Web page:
Follow your doctor’s advice and the instructions that come with the glucose meter. In general, you will follow the steps below. Different meters work differently, so be sure to check with your doctor for advice specifically for you.
For someone who has severe diabetes, continuous blood sugar monitoring may be a viable option. With these systems, blood sugar is measured constantly through a sensor placed beneath the skin that transmits information. Some insurance programs are beginning to cover these monitors.
The following are some suggestions on when to do SMBG testing and how to use the results to improve your blood sugar control.
- Wash your hands and dry them well before doing the test.
- Use an alcohol pad to clean the area that you’re going to prick.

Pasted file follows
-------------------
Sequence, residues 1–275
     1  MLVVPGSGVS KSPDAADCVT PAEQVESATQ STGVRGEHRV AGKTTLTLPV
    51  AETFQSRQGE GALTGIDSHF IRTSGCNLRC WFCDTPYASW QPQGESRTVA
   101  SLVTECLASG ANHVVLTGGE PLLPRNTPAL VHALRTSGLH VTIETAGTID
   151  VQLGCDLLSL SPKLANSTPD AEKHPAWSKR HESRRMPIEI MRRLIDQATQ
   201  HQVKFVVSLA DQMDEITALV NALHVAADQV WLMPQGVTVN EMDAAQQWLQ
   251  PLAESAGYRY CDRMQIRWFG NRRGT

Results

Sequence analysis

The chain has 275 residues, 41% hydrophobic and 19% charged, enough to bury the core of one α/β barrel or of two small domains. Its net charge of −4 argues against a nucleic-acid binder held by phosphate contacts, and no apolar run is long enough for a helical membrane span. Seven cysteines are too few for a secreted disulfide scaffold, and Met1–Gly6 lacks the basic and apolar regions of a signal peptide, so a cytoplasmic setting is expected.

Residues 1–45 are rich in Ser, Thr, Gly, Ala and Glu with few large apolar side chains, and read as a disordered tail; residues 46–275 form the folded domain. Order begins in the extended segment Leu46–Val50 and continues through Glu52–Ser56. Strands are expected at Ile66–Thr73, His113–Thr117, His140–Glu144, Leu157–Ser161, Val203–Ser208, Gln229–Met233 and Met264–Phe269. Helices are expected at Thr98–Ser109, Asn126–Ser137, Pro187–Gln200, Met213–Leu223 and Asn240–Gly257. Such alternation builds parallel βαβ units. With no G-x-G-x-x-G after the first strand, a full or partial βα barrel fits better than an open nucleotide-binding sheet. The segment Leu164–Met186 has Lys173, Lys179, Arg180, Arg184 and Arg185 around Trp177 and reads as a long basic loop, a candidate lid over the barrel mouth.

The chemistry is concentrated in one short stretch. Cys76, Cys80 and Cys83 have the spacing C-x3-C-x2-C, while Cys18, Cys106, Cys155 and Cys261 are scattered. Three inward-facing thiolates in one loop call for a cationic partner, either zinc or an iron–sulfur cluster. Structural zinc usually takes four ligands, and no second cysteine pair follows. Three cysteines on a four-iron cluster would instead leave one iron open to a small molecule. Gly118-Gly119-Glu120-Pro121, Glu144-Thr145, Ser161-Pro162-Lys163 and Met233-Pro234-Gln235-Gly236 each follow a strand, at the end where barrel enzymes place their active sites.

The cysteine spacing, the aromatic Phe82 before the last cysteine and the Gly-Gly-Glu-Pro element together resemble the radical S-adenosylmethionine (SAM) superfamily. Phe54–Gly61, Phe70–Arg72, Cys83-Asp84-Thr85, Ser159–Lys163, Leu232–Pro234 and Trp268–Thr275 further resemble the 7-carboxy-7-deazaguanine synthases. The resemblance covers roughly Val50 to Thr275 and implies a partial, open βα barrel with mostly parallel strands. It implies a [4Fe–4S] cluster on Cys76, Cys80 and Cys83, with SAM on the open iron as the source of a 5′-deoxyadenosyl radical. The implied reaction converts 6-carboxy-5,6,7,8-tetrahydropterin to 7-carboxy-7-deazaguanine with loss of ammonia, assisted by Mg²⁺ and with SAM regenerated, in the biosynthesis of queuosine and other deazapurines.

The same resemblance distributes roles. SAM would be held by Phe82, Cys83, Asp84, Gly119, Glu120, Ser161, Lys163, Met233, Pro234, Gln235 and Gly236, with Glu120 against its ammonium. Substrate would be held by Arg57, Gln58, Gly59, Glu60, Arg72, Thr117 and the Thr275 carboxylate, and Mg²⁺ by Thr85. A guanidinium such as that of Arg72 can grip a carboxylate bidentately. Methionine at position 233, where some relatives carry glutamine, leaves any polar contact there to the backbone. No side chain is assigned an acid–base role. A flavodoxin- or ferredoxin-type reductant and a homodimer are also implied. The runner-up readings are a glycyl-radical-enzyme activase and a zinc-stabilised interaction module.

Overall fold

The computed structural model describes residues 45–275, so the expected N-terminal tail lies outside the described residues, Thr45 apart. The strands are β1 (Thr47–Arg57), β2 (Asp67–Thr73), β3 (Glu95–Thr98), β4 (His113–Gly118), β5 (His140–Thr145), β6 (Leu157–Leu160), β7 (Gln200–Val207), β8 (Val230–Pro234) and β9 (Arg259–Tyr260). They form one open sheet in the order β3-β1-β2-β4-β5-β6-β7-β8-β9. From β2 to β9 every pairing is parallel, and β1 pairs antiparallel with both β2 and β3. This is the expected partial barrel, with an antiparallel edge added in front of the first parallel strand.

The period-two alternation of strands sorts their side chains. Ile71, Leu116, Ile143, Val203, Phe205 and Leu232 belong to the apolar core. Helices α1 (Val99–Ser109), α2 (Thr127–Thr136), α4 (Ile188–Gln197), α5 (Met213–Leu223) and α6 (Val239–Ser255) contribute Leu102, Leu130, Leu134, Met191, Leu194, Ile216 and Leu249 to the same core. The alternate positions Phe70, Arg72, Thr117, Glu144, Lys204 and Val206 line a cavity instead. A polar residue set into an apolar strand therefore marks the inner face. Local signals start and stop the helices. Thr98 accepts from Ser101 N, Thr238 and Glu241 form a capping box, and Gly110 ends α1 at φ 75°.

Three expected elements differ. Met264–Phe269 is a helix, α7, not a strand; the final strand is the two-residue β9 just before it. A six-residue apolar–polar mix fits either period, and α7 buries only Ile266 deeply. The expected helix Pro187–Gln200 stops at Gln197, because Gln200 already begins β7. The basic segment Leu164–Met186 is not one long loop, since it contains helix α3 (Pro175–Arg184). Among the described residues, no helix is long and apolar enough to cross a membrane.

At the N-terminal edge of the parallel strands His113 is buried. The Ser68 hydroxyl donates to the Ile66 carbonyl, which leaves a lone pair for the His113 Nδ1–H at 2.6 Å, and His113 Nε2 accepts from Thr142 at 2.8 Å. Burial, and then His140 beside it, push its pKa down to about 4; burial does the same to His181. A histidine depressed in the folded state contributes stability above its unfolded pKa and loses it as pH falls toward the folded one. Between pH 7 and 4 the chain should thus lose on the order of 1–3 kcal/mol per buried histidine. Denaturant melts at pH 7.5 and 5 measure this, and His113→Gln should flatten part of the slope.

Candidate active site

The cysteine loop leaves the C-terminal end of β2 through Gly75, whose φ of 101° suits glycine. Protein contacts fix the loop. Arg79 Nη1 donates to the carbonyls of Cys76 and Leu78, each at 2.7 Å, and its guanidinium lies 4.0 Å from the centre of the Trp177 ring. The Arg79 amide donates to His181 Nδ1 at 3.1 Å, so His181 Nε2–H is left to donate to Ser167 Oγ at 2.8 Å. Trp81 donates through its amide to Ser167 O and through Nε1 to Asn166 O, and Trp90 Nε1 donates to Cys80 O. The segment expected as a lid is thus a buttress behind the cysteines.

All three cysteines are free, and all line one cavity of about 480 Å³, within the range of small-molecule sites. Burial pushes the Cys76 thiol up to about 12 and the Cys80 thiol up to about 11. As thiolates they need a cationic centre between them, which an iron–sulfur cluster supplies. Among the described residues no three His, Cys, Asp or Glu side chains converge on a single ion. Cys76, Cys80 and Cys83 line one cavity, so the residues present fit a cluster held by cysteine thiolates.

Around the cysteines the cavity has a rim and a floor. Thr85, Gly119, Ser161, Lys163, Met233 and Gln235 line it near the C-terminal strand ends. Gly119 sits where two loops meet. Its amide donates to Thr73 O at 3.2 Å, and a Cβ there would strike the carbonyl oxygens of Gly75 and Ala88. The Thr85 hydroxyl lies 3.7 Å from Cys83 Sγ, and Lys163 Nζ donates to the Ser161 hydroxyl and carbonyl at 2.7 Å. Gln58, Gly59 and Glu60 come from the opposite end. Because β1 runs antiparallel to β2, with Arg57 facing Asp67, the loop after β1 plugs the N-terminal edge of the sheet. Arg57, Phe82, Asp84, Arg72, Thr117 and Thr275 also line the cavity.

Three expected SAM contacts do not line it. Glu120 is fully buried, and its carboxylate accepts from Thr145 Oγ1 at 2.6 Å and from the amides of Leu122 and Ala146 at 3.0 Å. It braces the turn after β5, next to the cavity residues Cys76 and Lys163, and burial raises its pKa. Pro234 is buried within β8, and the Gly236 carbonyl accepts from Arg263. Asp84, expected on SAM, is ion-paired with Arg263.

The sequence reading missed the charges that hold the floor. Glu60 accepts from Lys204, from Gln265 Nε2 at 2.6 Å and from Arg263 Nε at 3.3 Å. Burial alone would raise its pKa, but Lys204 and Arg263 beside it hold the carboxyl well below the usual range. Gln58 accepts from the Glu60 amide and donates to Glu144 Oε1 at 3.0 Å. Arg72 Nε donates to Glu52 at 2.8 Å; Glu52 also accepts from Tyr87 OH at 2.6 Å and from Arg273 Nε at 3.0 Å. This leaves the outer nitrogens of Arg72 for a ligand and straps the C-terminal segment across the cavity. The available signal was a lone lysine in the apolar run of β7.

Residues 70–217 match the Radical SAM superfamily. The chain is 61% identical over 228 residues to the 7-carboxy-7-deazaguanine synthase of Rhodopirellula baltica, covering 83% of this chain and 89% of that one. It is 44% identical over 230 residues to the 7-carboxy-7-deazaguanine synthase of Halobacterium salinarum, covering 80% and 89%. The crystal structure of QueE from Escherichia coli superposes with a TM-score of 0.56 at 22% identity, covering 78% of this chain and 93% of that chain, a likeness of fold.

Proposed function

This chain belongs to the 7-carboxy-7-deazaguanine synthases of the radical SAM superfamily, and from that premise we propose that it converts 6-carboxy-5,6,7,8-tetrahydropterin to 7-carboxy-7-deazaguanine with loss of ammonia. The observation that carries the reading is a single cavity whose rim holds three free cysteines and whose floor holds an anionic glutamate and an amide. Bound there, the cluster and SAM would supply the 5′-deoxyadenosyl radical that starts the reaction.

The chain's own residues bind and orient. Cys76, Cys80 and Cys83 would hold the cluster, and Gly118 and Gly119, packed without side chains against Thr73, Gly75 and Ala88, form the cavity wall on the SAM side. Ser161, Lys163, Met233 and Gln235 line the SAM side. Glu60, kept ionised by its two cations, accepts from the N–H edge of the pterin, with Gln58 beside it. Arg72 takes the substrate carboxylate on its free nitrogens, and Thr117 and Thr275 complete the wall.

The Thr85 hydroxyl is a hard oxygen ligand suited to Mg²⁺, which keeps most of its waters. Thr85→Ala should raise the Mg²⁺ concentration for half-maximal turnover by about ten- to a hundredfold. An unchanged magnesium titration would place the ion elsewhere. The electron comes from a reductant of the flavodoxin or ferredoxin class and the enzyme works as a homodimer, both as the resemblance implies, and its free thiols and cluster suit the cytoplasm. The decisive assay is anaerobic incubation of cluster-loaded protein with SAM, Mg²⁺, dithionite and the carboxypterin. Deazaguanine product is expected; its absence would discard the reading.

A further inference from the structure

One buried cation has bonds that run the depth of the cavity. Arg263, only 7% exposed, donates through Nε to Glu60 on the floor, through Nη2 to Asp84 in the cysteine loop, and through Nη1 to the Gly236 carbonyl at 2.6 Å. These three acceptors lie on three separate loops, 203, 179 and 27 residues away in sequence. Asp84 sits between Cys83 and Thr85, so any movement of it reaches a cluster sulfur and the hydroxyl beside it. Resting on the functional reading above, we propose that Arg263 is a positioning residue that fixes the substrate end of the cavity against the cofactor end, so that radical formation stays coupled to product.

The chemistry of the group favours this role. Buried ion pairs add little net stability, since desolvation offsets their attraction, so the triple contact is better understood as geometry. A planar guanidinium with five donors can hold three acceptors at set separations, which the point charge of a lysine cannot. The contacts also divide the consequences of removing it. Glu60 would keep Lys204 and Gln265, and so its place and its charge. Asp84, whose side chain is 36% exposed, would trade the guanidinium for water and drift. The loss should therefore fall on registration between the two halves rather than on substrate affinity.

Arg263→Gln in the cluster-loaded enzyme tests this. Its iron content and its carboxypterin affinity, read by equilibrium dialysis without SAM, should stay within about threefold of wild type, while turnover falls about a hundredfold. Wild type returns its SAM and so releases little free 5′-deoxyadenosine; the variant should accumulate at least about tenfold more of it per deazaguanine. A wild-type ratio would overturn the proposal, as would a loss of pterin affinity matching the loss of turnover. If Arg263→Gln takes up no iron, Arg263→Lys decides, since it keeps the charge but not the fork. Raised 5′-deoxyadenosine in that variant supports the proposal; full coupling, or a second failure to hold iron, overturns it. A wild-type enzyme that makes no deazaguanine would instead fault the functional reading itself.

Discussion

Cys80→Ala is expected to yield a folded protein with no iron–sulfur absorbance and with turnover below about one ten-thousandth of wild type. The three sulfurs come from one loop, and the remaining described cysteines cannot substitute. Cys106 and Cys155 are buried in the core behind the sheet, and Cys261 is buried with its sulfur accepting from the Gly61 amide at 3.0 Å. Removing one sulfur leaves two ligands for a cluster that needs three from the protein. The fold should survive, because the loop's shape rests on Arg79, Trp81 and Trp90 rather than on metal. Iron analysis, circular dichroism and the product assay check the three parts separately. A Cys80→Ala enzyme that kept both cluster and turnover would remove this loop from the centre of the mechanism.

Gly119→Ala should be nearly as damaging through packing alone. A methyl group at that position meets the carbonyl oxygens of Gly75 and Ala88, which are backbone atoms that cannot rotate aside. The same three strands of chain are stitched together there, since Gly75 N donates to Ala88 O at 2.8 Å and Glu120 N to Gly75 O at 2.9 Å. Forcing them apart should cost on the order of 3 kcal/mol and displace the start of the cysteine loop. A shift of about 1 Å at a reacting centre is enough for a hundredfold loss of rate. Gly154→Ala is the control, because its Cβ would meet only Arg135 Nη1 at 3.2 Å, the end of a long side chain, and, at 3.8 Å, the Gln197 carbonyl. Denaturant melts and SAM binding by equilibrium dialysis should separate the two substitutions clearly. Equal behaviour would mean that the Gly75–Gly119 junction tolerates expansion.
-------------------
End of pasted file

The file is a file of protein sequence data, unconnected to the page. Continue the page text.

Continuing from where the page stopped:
- For most glucose meters, you will prick your fingertip. However, with some meters, you can also use your forearm, thigh or the fleshy part of your hand.
- Ask your doctor what area you should use with your meter.
- Prick yourself with a sterile lancet to get a drop of blood. (If you prick your fingertip, it may be easier and less painful to prick it on one side, not on the pad.)
- Place the drop of blood on the test strip.
- Follow the instructions for inserting the test strip into your glucose meter.
- The meter will give you a number for your blood sugar level.